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The Mountain Helmet Guide

We’ve picked a few of our current favorites, plus outlined the factors you need to consider.


Cross Country

Need a helmet to keep you cool while you’re hammering watts? Whether you’re racing or not, you’ll want a cross country helmet.


If you’re after protection and style, look for a trail helmet, which offers greater coverage for additional protection, along with comfort-focused features.


Enduro racers and bike park regulars will want a full face helmet for maximum protection for shuttle laps and enduro stages.

Crash Technology

Most helmets today are equipped with some type of rotation-based safety technology. Although some brands use their own proprietary rotation-based technologies, the gold standard is MIPS, or Multi-directional Impact Protection System. These systems incorporate a slip layer between the rider’s head and the helmet’s inner shell, which is independently verified to reduce the damaging effects of certain types of impacts. MIPS Spherical, which is offered on a handful of helmets works the same way, but moves the slip layer between an inner and outer shell, which aids in building lower profile helmets with better ventilation. While this type of technology isn’t required, the consensus is that it does make helmets safer.

Key Considerations


Top tier helmets represent the very best brands have to offer. That means the newest technologies, unique technical features, premium materials, and carefully styled aesthetics with a price tag to match. There are excellent helmets at more approachable asking prices, but expect to forgo some of those premium features when considering value oriented options.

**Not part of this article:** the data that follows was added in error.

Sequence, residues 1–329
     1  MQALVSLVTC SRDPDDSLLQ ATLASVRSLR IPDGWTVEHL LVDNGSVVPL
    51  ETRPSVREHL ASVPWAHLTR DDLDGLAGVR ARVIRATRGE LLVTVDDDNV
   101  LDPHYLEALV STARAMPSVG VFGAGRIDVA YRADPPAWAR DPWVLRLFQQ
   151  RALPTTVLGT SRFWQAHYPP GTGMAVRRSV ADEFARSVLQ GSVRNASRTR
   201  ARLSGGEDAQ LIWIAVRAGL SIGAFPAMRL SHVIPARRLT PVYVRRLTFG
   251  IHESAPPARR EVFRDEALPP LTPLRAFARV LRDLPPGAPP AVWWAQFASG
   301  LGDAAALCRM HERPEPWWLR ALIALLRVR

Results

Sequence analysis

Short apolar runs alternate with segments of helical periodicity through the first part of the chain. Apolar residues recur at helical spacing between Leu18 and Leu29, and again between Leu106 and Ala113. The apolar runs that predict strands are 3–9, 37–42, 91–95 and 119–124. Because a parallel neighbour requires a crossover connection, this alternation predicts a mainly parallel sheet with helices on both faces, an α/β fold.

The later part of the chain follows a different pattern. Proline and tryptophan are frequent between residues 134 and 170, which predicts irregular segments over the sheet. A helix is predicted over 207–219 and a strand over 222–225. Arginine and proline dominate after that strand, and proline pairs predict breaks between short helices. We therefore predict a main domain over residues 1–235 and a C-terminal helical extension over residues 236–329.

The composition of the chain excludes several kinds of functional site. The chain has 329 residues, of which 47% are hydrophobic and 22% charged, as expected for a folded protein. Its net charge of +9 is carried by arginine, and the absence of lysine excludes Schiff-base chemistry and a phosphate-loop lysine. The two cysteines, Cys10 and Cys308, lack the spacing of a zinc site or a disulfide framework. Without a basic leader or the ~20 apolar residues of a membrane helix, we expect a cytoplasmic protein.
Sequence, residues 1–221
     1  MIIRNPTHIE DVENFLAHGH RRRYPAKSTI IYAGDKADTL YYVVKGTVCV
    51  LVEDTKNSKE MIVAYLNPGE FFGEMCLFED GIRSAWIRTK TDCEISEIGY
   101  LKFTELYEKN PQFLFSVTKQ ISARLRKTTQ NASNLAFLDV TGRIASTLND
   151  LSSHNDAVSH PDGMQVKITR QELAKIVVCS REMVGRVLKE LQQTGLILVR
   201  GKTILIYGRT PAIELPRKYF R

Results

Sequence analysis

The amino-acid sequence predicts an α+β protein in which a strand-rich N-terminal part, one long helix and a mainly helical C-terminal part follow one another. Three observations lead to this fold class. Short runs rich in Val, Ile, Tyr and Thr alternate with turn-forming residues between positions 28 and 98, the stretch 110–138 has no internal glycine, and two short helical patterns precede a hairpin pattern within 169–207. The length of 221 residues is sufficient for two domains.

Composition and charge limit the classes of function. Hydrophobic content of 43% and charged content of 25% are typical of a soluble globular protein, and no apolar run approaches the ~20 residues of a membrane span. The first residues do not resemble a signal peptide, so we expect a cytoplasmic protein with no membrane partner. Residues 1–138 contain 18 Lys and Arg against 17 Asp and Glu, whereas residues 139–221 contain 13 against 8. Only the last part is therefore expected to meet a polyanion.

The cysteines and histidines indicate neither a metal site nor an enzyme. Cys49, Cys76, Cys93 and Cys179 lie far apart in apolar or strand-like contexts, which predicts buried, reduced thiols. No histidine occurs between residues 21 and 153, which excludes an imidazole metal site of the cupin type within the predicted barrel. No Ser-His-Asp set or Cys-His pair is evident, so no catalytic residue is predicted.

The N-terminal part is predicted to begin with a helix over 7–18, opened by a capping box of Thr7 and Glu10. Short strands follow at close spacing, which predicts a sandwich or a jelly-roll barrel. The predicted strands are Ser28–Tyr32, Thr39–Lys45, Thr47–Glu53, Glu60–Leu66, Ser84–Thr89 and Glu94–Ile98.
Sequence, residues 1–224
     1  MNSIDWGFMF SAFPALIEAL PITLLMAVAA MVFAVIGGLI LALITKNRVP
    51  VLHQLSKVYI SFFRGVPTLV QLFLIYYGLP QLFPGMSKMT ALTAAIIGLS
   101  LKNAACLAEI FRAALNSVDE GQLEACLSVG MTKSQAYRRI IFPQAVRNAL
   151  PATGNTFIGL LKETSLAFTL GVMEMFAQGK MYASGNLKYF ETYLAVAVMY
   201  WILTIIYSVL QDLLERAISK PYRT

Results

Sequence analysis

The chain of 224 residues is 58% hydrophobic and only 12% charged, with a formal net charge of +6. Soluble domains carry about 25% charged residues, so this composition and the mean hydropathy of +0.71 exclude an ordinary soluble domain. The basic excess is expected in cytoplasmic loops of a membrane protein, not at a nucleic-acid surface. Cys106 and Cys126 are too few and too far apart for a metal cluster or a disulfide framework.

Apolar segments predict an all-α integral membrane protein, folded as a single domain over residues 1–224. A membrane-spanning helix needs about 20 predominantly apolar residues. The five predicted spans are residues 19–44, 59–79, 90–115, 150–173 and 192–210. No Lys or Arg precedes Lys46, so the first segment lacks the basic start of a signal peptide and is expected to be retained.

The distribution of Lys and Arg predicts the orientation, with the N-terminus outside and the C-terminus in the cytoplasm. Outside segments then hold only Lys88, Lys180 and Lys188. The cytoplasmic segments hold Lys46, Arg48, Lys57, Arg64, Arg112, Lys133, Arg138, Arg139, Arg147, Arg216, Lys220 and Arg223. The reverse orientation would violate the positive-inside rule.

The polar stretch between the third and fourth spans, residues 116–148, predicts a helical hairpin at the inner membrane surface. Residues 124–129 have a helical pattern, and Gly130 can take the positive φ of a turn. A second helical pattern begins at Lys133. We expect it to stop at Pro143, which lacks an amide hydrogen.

More vents means additional cooling, which has been the long-term trend in design for cross country and trail helmets. Many of the latest full face helmets incorporate enough ventilation to be comfortably worn pedaling, with full-on DH-rated protection for when the trail turns downward.

Eyewear Storage

Do you always ride with glasses, or do you regularly wear goggles? Your preferred eyewear could be a deciding factor, with many helmets designed for easy sunglasses storage, and some enduro-focused options designed to be comfortable with goggles as well.

Retention Systems

Most helmets have an adjustable retention system to give your head a secure, personalized fit in the helmet’s shell. Although we have no issue with push ratchets, we’ve found that dial adjusters hold their adjustment with less fuss.

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Giro Artex MIPS

This low profile, highly ventilated option is perfect for the racer wanting the lightness of a road helmet, along with the sun shielding function of a well designed visor.

  • MIPS with Integrated Roc Loc 5 Retention System
  • 25 Wind Tunnel Vents
  • Removable Visor Can Be Reattached in Seconds
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If you’re after the lightness and ventilation of a road helmet along with dirt-worthy protection, this helmet borrows the best parts of a road helmet with a reinforced shell that makes it perfect for dirt and gravel.